The Urgent Need for New Antibiotics | Commentary
This week in a hearing titled “Examining Ways to Combat Antibiotic Resistance and Foster New Drug Development,” the House Energy and Commerce Committee will take a deep dive into the number one public health threat facing the U.S.
Each year, more than two million Americans are diagnosed with drug-resistant infections, and 23,000 die as a result. These dangerous superbugs have been found in every corner of the globe, and their unchecked spread threatens modern medicine as we know it. Not only could a common scrape become infected with a strain of drug-resistant bacteria and become untreatable and potentially deadly, but advanced procedures from chemotherapy to open heart surgery that rely on antibiotics to avoid infection could become too risky to even perform.
The Centers for Disease Control and Prevention last fall released a landmark report with four core actions to stem the tide of antibiotic resistance: preventing infections and the spread of these superbugs, tracking and reporting infections, encouraging responsible use of antibiotics and spurring the development of new drugs to treat these infections.
The current level of urgency is because the same time the threat of drug-resistant infections skyrocketed, the development of new antibiotics has steadily decreased over the past twenty years. In 1990, there were nearly 20 pharmaceutical companies with large, active antibiotic research and development programs. Today only a select few companies continue researching and developing antibiotics, producing only a handful of new drugs to treat multi-drug resistant infections. The pipeline of new drugs has all but dried up because the outdated way in which our health system views these critical drugs prevents the market from working properly.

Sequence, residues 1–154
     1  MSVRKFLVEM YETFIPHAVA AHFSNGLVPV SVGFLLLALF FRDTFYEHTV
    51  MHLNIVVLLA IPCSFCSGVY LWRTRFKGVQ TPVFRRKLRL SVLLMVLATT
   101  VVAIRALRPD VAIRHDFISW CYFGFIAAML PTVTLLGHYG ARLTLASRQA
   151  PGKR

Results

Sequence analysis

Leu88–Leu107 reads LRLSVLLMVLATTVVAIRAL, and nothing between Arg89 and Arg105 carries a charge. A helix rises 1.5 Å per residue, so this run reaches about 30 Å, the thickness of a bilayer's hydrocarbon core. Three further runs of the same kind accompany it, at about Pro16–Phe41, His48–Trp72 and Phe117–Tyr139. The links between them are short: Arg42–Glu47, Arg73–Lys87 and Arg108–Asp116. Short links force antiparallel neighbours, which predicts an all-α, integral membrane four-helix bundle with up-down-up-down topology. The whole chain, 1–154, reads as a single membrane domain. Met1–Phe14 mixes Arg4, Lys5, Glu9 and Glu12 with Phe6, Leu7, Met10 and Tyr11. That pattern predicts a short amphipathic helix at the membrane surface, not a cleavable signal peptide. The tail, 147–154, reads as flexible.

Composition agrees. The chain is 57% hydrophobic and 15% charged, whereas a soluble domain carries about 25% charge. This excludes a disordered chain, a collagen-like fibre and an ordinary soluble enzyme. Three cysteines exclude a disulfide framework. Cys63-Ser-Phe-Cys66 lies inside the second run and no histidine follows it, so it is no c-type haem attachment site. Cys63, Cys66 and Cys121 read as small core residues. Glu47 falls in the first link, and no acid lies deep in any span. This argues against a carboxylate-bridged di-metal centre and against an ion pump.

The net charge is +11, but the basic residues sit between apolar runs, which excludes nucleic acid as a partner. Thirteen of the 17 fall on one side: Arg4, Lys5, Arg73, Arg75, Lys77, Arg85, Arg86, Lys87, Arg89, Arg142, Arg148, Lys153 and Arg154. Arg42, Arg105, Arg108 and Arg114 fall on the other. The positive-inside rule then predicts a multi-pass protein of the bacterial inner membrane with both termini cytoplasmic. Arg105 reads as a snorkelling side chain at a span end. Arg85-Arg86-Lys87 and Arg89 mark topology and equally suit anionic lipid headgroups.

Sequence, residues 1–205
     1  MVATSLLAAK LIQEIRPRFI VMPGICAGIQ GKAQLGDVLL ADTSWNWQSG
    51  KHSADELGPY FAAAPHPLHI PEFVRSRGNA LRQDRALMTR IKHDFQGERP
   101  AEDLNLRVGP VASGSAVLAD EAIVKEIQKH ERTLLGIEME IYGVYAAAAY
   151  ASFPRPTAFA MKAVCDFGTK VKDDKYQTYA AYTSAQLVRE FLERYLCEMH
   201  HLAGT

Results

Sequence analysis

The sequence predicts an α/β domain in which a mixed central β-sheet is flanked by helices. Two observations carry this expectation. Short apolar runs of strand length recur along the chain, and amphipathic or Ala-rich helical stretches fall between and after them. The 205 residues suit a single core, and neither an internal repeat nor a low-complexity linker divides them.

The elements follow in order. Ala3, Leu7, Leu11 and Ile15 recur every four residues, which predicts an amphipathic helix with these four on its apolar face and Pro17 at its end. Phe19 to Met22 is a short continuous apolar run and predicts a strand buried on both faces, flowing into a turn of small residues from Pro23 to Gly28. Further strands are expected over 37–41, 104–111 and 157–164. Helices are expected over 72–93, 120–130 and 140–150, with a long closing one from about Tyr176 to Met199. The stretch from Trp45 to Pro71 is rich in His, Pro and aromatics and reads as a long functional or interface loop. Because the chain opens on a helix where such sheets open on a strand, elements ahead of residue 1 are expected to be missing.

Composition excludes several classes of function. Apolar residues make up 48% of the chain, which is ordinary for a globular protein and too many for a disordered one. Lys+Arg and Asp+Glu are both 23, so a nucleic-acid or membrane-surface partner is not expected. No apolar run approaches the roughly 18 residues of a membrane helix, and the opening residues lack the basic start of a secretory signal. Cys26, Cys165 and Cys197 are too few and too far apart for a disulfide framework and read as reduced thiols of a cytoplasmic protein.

This spring, I joined Rep. Danny K. Davis, D-Ill., to introduce the bipartisan DISARM Act, which takes aim at the cause of the drug shortfall. Currently, Medicare only reimburses the everyday antibiotics like amoxicillin, penicillin and azithromycin that cost as little as $10 for a course of treatment. But the highly advanced, powerful antibiotics to treat superbugs often cost millions to develop and hundreds of dollars to prescribe in the hospital. When hospitals are paid only a fraction of the cost, it becomes less likely that drug will be used. Without a market for their drugs, companies are reluctant to make the big investment needed to develop high-powered antibiotics if they go unused in hospitals.
DISARM breaks this cycle by adding a new classification for a select group of high-powered antibiotics. The add-on payment means the use of these drugs will be reimbursed at cost, removing the barrier to their use. Creating this financial incentive is one critical step to turning the tide against superbugs and reinvigorating the pipeline of new drugs. Once we encourage the development of these miracle drugs, we must press forward, streamlining the clinical trial and approval process for new antibiotics to treat these dangerous infections. The bipartisan ADAPT Act, introduced by our colleagues Reps. Phil Gingrey, R-Ga., and Gene Green, D-Texas, does just that, encouraging efficient approval of these drugs by eliminating regulatory hurdles and streamlining the approval process.
Just yesterday, the President’s Council of Advisors for Science and Technology released their highly-anticipated report on antibiotic resistance, which calls for market incentives to lure companies back into the antibiotic development business. Reinvigorating the pipeline of new drugs is the crucial first step in combating antibiotic-resistant infections here in the U.S. and worldwide, and it needs to be at the heart of our strategic plan as a nation to tackle this serious emerging health threat.
Rep. Peter Roskam is a Republican from Illinois’ 6th District.